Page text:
Patient and public involvement
Neither patients nor the public were involved in the design or development of this study.
The deep venous anatomy of 99 preterm neonates with brain imaging conducted from 2011 to 2022 at our institution was retrospectively evaluated, following the exclusion of 232 patients due to 1.5T imaging or 3T imaging without SWI and phase imaging. Six patients were excluded due to motion artefacts or poor imaging technique, nine were excluded due to having a GA greater than 32 weeks which is beyond the typical range for GMH-IVH and one was excluded due to the presence of a choroid plexus bleed (figure 1).
Total deep venous system abnormalities and GMH-IVH combined
Venous abnormalities were significantly more common in patients with GMH-IVH (table 3). Using the Wilcoxon Rank Sum Test or Mann-Whitney U Test, comparing total decreased venous patency score between controls and GMH-IVH grades I–IV combined, all control values were found to be smaller than the combined GMH-IVH grades I–IV (figure 2). The results from the Wilcoxon analysis indicate the statistically significant, non-random chance of finding venous abnormalities associated with GMH-IVH, where all GMH-IVH grades are combined (figures 2–4). Table 4 also shows data averages per variable and grade for transparency, although these averages were not used for statistical analysis due to the non-parametric approach necessitated by ordinal data.
Total venous abnormalities and increase in GMH-IVH grade
Not only were venous abnormalities positively correlated with combined GMH-IVH I-IV, but venous abnormalities were also positively correlated with increase in GMH-IVH grade, both in total and per individual vein (table 3). Total decreased venous patency score, as a composite value of the entire deep venous system, was found to have a 0.782 positive correlation with increase in GMH-IVH grade (p<0.001). Similarly, increased lumen susceptibility was found to have a 0.739 correlation (p<0.001) and collaterals a 0.649 correlation (p<0.05).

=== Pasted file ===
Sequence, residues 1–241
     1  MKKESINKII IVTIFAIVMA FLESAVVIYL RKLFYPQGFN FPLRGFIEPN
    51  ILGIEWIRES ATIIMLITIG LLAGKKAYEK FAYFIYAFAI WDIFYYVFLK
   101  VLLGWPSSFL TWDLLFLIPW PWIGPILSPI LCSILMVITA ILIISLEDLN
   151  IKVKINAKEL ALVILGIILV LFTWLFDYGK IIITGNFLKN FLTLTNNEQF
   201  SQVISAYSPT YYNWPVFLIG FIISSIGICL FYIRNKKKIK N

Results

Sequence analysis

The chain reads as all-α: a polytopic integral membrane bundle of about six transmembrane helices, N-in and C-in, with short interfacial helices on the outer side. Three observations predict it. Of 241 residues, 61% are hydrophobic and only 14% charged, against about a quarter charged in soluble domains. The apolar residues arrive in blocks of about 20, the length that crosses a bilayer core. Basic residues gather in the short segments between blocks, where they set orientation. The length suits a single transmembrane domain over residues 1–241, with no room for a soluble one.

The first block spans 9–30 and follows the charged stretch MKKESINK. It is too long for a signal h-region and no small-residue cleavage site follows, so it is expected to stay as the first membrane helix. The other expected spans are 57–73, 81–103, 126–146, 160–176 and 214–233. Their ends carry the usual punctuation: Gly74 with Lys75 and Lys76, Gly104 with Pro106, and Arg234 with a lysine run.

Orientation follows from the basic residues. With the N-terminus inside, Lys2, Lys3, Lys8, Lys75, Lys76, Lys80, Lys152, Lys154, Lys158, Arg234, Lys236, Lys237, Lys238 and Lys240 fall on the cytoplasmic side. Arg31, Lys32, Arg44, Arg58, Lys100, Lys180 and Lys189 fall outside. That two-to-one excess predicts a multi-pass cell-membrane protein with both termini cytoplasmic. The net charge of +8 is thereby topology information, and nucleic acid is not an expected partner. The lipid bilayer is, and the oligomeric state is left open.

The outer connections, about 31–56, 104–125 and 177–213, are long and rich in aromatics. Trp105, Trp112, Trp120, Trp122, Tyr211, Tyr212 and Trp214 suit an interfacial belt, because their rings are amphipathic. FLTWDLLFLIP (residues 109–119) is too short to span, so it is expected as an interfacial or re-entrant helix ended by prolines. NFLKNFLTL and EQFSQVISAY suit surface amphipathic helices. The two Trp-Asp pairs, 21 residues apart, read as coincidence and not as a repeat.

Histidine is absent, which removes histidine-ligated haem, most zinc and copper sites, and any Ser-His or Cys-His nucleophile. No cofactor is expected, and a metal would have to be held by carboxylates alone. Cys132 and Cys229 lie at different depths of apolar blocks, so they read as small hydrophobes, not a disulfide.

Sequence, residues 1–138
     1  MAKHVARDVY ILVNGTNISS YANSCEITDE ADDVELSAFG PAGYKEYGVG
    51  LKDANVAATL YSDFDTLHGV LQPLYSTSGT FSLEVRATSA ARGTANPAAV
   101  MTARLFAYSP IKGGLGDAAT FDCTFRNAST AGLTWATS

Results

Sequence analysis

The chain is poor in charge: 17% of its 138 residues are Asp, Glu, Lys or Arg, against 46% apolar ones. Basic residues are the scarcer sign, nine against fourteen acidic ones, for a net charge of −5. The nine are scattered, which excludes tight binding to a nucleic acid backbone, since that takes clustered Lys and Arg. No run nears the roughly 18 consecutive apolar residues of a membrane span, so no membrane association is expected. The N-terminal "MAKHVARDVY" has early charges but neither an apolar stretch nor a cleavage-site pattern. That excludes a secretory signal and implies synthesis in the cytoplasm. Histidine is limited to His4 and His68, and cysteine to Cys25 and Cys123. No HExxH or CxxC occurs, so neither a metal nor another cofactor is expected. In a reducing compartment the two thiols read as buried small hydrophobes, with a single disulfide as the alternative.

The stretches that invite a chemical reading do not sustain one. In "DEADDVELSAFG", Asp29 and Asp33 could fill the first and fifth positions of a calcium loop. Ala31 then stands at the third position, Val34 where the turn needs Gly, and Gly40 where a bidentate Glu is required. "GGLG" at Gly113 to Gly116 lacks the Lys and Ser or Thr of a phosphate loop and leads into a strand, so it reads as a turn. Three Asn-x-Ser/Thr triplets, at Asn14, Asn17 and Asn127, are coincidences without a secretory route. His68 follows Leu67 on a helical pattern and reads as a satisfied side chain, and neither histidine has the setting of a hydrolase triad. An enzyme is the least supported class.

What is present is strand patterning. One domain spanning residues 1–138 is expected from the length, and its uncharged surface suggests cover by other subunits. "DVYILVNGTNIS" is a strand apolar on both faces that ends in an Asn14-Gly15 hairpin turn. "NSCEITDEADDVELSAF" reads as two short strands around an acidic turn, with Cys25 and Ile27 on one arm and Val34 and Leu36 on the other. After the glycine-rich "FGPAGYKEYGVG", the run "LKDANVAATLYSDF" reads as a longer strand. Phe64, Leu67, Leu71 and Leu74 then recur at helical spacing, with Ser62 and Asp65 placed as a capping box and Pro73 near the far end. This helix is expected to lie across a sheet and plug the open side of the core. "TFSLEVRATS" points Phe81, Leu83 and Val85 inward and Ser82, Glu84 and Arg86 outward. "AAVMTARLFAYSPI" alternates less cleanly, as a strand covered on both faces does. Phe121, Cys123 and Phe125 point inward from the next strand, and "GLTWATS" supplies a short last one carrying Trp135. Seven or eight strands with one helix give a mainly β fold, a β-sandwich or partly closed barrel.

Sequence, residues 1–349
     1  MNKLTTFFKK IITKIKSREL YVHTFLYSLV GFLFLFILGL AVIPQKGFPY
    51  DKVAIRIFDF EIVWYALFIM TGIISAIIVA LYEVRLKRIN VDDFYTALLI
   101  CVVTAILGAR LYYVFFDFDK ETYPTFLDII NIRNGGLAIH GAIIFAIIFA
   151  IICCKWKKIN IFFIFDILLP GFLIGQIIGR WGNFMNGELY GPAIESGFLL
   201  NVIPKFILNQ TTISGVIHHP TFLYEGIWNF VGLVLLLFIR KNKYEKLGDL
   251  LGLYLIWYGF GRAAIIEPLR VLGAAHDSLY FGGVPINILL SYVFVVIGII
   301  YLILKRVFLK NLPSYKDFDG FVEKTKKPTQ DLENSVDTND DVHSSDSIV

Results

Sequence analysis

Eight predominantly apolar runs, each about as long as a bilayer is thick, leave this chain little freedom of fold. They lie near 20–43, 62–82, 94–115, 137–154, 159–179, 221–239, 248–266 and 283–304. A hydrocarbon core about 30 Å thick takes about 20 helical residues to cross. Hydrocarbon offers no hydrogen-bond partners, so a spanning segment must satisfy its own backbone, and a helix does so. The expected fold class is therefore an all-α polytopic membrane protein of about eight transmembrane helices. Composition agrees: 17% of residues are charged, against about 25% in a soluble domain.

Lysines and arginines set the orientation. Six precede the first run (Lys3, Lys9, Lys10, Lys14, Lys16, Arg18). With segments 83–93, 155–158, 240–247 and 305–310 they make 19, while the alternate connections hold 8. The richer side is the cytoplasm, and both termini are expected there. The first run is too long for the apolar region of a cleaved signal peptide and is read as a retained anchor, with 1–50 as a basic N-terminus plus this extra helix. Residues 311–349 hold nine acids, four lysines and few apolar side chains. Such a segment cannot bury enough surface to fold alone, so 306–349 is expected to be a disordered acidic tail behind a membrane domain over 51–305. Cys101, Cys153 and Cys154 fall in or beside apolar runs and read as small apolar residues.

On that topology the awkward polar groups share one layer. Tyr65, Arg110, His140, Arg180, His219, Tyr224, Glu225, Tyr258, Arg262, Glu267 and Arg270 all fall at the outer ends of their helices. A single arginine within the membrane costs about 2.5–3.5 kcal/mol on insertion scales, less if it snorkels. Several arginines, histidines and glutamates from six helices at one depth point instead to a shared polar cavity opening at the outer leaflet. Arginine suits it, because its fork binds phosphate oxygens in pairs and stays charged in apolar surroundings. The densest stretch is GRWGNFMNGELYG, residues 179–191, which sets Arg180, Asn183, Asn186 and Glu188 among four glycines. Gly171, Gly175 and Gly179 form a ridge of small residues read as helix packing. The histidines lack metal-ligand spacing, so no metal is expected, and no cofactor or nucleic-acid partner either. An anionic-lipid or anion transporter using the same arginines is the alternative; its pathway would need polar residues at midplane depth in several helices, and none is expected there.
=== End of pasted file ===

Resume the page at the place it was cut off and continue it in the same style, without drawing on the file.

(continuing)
Venous abnormalities for individual veins and increase in GMH-IVH grade
Positive correlations were also found for the majority of individual veins (table 3), but generally to less of an extent than the total scores. For example, the right and left thalamostriate vein (TSV) had 0.776 and 0.758 correlations between decreased vein patency and GMH-IVH grade, respectively, while the straight sinus and vein of Galen only had correlations of 0.48 and 0.37. In general, among the variables, decreased vein patency showed the highest correlations with GMH-IVH grade per individual vein. As an exception, the right TSV also showed a high correlation of 0.7 for collateral formation. The DLV shows ‘not applicable’ for some of the venous abnormalities because only a minority of our sample expressed this venous variant. The DLV (right and left) was present in 63% and 30% of normal neonates, respectively, but both right and left were present in 7% of neonates with GMH-IVH. Individual examples of normal deep venous anatomy and venous abnormalities can be seen in figures 5–10.